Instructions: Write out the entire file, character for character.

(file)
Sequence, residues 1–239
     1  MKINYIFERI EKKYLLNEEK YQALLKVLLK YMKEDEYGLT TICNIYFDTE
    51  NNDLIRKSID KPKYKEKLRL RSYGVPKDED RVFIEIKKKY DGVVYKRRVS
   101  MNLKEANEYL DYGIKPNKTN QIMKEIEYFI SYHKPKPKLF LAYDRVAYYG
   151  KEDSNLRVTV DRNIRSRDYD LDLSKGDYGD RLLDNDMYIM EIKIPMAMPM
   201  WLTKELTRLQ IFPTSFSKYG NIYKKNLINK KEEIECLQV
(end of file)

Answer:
Sequence, residues 1–239
     1  MKINYIFERI EKKYLLNEEK YQALLKVLLK YMKEDEYGLT TICNIYFDTE
    51  NNDLIRKSID KPKYKEKLRL RSYGVPKDED RVFIEIKKKY DGVVYKRRVS
   101  MNLKEANEYL DYGIKPNKTN QIMKEIEYFI SYHKPKPKLF LAYDRVAYYG
   151  KEDSNLRVTV DRNIRSRDYD LDLSKGDYGD RLLDNDMYIM EIKIPMAMPM
   201  WLTKELTRLQ IFPTSFSKYG NIYKKNLINK KEEIECLQV